Submitted by Frank Spizuoco: “We have gained wealth but we are losing our souls.” So says Pat Murphy, author of Plan C, the selected reading of Abbott's Book Club for January. This book provides a vivid analysis of our present predicament of peak oil (and rising energy prices), climate change and the growing social and economic inequity both in the US and globally.
Pat Murphy is the Director of the Arthur Morgan Institute for Community Solutions, a non-profit organization that educates on the benefits and values of small local community living. It has become a national resource for knowledge and practices on low-energy and low-pollution ways of living and self-reliant communities.
Our present course of more oil drilling, more growth, more carbon dioxide emissions, more consumption, more of a gap between the haves and have-nots isn't practical or sustainable, according to Murphy. That we can shop our way out of climate change and peak oil, if only we consume “green” products and services is also not realistic he claims. Plan C advocates a drastic reduction in consumption as the necessary ingredient for a sustainable, equitable world. Replacing competition with cooperation and replacing materialism with meaningful human relationships, makes an appealing case for unique places where neighbors care for each other and communities work cohesively to achieve a common wealth that has little to do with money.”
The text is filled with timely solutions addressing food, transportation, and the built environment within the context of revitalizing our communities even though a curtailment will involve much personal sacrifice. Could this be what President-Elect Barack Obama alluded to during his acceptance speech in Chicago? He called on a, “new spirit of sacrifice,” and asked Americans to summon, “a new spirit of patriotism, of responsibility,” and called on us to look after ourselves and each other. This doesn't sound like an appeal for us to hit the malls and spend and spend.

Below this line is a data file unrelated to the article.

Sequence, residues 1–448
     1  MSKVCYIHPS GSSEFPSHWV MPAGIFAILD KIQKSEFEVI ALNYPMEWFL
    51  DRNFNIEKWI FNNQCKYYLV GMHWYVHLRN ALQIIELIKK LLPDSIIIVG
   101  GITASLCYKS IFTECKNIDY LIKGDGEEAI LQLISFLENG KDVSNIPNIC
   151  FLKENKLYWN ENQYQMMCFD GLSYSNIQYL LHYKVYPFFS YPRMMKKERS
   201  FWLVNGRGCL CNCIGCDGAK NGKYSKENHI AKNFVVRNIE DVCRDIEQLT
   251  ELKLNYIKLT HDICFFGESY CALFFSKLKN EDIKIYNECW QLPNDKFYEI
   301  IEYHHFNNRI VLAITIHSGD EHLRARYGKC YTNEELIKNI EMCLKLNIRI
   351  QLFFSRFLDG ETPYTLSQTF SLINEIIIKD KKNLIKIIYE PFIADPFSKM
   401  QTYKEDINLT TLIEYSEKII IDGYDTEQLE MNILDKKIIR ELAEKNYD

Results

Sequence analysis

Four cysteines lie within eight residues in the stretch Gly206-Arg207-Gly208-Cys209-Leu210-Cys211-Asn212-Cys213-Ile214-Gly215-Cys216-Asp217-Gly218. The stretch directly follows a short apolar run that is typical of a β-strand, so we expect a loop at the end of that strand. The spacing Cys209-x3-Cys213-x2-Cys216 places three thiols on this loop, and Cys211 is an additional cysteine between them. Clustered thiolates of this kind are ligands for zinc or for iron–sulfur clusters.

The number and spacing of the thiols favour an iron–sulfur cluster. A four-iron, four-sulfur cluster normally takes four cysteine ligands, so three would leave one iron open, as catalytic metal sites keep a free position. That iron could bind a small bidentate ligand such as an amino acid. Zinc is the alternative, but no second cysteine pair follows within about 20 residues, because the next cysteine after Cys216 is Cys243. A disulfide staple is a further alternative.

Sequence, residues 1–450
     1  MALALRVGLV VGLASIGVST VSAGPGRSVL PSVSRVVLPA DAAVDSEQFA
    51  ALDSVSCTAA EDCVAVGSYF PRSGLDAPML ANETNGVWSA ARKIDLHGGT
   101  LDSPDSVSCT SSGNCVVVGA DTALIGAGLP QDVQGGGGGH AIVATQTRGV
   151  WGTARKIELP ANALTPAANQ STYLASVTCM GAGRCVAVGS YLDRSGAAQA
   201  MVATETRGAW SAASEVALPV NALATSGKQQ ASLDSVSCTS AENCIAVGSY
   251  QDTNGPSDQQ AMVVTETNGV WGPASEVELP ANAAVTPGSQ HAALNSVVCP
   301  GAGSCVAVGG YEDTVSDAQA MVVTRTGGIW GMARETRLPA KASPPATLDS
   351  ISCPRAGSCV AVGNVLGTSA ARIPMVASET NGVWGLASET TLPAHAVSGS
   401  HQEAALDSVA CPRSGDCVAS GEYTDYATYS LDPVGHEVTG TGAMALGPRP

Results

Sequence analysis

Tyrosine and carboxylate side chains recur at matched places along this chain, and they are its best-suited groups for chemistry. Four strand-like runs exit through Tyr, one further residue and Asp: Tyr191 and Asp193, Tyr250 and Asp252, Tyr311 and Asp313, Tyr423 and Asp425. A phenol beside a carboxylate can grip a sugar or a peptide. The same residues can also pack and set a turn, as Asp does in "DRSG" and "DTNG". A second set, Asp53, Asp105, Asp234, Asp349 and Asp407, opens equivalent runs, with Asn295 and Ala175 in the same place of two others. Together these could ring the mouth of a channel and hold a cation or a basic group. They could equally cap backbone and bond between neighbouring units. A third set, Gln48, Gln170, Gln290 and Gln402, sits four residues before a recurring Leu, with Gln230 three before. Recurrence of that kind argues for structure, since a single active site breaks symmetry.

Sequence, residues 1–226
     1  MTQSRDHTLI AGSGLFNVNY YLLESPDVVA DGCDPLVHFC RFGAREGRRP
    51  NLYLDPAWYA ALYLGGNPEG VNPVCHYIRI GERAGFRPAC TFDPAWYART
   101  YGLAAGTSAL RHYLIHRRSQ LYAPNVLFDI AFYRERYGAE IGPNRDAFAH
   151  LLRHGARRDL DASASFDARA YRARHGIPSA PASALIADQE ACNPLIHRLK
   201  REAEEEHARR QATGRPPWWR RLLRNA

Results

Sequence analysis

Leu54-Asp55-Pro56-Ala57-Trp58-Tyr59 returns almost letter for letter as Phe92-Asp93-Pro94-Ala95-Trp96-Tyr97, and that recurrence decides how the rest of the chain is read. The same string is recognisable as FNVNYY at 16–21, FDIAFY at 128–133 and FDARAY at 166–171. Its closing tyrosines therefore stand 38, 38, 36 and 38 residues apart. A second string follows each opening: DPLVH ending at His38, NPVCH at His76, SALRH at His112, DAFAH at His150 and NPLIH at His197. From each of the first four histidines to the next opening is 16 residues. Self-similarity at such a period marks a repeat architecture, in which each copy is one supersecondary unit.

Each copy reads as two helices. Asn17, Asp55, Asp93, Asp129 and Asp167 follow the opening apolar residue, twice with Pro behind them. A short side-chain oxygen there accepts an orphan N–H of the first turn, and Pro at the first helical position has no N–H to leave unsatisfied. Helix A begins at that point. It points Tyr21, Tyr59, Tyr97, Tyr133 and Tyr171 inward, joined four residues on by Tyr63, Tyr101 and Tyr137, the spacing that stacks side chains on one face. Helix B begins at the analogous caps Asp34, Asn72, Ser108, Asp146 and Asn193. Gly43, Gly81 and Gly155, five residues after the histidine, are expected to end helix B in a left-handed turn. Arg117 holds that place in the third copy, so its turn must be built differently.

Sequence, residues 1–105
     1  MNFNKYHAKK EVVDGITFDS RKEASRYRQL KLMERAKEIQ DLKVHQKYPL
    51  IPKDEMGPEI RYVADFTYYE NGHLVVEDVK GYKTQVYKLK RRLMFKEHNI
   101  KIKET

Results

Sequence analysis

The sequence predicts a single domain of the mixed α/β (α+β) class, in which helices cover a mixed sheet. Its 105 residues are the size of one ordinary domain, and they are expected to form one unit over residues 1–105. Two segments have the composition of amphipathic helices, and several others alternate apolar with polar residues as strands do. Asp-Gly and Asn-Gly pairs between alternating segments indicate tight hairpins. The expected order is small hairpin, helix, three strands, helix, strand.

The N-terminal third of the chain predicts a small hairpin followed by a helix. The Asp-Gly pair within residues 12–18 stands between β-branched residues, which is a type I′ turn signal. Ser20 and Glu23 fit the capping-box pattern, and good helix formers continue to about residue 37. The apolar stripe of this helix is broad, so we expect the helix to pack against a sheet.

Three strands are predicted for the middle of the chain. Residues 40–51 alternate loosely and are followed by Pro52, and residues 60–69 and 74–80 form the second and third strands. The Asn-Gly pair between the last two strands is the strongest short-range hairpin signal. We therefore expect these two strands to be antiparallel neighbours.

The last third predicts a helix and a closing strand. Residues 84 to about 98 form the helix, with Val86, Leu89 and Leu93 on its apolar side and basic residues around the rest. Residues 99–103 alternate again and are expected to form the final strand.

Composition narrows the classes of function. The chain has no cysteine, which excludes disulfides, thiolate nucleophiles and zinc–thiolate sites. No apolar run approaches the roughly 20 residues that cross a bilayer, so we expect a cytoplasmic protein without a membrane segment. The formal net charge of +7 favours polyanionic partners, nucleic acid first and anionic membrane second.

Writes Murphy: “Those who make the transition successfully with minimal risk will be more prepared to live in a future that is poorer in material goods but richer in spiritual, psychological, and community benefits. Our problem is cultural, not technical. “It is a character issue, not a scientific one. We have allowed cheap fossil fuels to change us from citizens into mere consumers. We in the modern world have become addicted to consuming energy.”
Plan C depicts a radically different America where our collective well-being, community health, and personal happiness minimizes the consumption culture we compete in today. Economically, there will be a return to the local economy, with neighbors selling to neighbors, meeting needs, not wants, and more family-scale ecopreneurial businesses. We can live better by purchasing less, if only we let go of the misdirected and destructive more-bigger-faster mantra of our consumer culture enticed by corporate greed and political power.
Abbott's Book Club meets at the library on January 28 at 6PM. You can also pick up February's read, “Audacity of Hope,” by Barack Obama.
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